By Robert Semple
(Taken from the New York Times)
The other day I went to a meeting to hear Harrison Ford talk about saving the rainforests and ended up listening to a man who has a rainforest to save: Guyana’s President, Bharrat Jagdeo.
The occasion was the announcement of a new campaign to protect the world’s rainforests, Guyana’s included, organized by the environmental group Conservation International. (Mr. Ford, a board member, was in New York to promote his new movie and somehow got his schedule wrong.)
That left the spotlight where it belonged: on Mr. Jagdeo and his mission to get the world’s rich nations to help save Guyana’s huge rainforest from chainsaws and prevent the release of billions of tons of carbon dioxide, the main global-warming gas.
Mr. Jagdeo caused a stir last year when he offered to cede the management of his country’s entire rain forest — 40-plus million acres, covering 80 percent of Guyana’s land mass — to a British Government agency in return for British economic assistance. Though the British have yet to take him up on the deal, Mr. Jagdeo continues to press the case for protecting not only his rainforest, but all of them.
It is a noble and necessary mission. The rain forests form a cooling band around the Earth’s equator. And their accelerating loss — from logging, farming, mining and burning — is a major cause of climate change, accounting for one-fifth of all carbon-dioxide emissions. That is more than the amount the United States puts into the atmosphere from all sources, and more than the emissions generated by all of the world’s cars, trucks, buses and airplanes.
Rain forests serve many important purposes. They provide clean water, protection against floods and the basis for many medicines. Yet their most useful function in a warming world is to absorb carbon and store it.
For too long, these facts have been undervalued in discussions of climate change. At the Kyoto talks in 1997, for instance, various nations proposed that industrialized countries be allowed to offset some of their own emissions by paying poorer countries not to cut down their forests. European environmental groups fiercely resisted the idea, warning that this would let rich countries off the hook, and engineered the proposal’s defeat.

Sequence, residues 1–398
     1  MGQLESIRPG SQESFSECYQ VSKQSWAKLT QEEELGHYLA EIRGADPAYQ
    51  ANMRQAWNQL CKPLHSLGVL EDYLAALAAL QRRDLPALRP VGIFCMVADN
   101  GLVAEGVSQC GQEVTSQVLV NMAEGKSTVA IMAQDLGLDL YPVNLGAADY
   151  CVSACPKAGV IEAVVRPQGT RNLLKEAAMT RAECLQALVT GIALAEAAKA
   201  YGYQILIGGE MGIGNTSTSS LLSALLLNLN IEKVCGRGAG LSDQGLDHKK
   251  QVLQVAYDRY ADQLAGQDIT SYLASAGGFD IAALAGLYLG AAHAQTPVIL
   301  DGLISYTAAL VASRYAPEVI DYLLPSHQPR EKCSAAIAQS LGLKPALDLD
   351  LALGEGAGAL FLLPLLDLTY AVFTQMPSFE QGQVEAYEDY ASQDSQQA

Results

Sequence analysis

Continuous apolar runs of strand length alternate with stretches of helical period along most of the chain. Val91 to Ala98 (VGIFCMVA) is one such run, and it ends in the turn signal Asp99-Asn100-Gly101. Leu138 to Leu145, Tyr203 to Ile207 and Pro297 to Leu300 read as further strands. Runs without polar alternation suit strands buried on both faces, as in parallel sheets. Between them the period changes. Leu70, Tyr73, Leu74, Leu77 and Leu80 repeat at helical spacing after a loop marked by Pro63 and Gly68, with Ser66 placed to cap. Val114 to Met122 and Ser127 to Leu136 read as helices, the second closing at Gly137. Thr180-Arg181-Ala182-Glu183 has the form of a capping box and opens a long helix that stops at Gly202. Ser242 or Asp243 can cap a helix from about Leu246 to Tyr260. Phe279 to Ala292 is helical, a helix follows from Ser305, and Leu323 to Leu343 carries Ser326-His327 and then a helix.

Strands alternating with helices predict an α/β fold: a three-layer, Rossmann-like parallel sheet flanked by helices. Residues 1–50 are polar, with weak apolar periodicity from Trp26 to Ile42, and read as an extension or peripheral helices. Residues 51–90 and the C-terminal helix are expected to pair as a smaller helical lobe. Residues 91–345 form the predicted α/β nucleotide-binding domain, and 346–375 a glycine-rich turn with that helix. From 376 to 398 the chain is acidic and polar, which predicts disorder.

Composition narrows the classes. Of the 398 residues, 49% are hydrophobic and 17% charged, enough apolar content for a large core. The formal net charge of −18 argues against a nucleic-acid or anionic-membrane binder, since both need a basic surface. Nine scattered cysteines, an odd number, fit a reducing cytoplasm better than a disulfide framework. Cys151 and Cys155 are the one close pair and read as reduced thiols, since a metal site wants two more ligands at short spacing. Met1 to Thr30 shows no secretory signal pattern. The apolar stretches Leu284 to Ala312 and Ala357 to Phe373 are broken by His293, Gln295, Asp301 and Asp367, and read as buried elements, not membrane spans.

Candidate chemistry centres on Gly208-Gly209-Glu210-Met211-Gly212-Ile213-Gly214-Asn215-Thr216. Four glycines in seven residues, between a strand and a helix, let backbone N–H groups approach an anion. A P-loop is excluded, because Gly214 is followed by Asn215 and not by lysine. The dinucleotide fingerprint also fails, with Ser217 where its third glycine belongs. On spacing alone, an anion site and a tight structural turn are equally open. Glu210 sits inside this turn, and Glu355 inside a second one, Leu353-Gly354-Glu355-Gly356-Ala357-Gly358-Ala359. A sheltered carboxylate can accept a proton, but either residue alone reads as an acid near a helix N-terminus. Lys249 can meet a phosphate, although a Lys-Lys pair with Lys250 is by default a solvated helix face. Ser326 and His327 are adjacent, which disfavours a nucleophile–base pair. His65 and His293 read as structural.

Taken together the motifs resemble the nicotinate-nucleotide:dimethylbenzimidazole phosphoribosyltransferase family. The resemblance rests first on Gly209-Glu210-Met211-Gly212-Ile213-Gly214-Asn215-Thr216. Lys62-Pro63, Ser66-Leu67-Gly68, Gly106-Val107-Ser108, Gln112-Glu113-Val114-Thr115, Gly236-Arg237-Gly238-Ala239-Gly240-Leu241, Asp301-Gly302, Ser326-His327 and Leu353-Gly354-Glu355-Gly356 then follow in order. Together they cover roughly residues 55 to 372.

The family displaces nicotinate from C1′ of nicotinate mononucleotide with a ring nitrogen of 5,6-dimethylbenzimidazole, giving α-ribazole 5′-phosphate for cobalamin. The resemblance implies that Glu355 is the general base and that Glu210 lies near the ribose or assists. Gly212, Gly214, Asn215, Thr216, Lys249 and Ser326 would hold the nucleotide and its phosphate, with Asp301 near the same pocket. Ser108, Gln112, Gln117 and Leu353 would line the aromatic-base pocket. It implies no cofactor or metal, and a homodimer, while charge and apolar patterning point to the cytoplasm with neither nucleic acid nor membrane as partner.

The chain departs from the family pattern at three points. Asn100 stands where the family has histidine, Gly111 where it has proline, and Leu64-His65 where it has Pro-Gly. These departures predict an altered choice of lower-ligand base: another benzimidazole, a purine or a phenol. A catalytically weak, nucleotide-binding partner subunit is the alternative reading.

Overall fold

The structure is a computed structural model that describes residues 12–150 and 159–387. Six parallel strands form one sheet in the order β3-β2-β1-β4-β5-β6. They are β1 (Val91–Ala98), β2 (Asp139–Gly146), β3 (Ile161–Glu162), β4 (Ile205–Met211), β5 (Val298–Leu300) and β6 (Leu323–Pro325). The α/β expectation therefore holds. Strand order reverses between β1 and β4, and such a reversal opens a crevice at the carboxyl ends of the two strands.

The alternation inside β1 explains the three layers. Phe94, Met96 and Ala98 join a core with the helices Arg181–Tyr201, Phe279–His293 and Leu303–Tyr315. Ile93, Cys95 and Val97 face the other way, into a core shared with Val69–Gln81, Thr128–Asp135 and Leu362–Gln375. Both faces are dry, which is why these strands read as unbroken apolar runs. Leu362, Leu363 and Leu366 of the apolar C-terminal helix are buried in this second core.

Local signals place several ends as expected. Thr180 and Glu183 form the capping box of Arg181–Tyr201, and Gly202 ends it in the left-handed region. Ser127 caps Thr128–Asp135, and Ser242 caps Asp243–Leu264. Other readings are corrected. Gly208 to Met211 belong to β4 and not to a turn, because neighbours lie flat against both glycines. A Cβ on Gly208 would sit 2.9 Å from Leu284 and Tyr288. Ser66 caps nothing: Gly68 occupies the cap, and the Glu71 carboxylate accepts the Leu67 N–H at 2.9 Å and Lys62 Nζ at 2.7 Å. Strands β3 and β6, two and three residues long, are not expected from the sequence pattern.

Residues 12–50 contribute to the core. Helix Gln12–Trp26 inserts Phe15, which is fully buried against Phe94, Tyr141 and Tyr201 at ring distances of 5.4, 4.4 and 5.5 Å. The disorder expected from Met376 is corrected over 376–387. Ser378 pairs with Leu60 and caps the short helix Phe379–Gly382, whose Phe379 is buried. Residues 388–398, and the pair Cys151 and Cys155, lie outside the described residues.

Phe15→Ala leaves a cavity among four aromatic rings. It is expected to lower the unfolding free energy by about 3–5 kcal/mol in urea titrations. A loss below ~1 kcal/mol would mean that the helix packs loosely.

That was a colossal blunder, for which the planet has been paying ever since. Rain forests continue to disappear at a rate of 20 million to 30 million acres every year.
Mr. Jagdeo is the perfect champion for the rain forests. Guyana, together with Suriname, French Guiana and sections of Venezuela and northern Brazil, form the Guayana Shield, an ancient geologic formation that contains 14 percent of the world’s carbon. The hope is that his example will inspire bigger countries like Brazil to take a far more aggressive role in protecting their forests from commercial development.
He also speaks with authority about the impact of global warming on poorer countries. He noted the other day that, while climate change might require wealthy Americans to drive fewer S.U.V.’s, it is a matter of life and death for poor countries that face floods and drought. Guyana’s capital, Georgetown, is right at sea level. If the seas rise substantially, Georgetown goes.
Finally, as an economist by training, Mr. Jagdeo is a persuasive advocate for new ways of looking at the economic value of forests. Right now, he suggests, too many countries put no dollar value at all on their standing forests. So any payment they get from harvesting trees is seen as a clear profit. If forests are correctly valued — for the carbon they sequester and the damage they spare the planet — then there is far more to gain from leaving them intact.
The good news is that the world is finally starting to see things Mr. Jagdeo’s way. Negotiators at last year’s climate change conference in Bali — the first of several meetings aimed at crafting a post-Kyoto treaty — agreed to address deforestation. The big climate bill that is expected to be debated on the Senate floor very soon provides incentives for American companies to invest in rainforest projects abroad. Mr. Jagdeo may yet wind up with a buyer.
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